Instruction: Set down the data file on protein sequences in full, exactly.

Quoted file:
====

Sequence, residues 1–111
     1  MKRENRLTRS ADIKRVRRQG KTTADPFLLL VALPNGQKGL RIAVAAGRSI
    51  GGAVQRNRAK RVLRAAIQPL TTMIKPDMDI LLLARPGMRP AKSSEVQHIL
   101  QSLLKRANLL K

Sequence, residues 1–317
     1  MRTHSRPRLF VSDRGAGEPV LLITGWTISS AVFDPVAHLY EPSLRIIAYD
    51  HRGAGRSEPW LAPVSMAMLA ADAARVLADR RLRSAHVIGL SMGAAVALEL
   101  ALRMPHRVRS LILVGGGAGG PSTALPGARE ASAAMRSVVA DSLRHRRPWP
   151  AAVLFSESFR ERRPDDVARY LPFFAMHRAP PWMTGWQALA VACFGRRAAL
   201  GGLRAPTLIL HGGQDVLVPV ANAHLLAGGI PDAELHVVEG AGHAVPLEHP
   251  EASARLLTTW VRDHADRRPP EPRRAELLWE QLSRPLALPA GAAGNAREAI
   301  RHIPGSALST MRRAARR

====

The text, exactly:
Sequence, residues 1–111
     1  MKRENRLTRS ADIKRVRRQG KTTADPFLLL VALPNGQKGL RIAVAAGRSI
    51  GGAVQRNRAK RVLRAAIQPL TTMIKPDMDI LLLARPGMRP AKSSEVQHIL
   101  QSLLKRANLL K

Sequence, residues 1–317
     1  MRTHSRPRLF VSDRGAGEPV LLITGWTISS AVFDPVAHLY EPSLRIIAYD
    51  HRGAGRSEPW LAPVSMAMLA ADAARVLADR RLRSAHVIGL SMGAAVALEL
   101  ALRMPHRVRS LILVGGGAGG PSTALPGARE ASAAMRSVVA DSLRHRRPWP
   151  AAVLFSESFR ERRPDDVARY LPFFAMHRAP PWMTGWQALA VACFGRRAAL
   201  GGLRAPTLIL HGGQDVLVPV ANAHLLAGGI PDAELHVVEG AGHAVPLEHP
   251  EASARLLTTW VRDHADRRPP EPRRAELLWE QLSRPLALPA GAAGNAREAI
   301  RHIPGSALST MRRAARR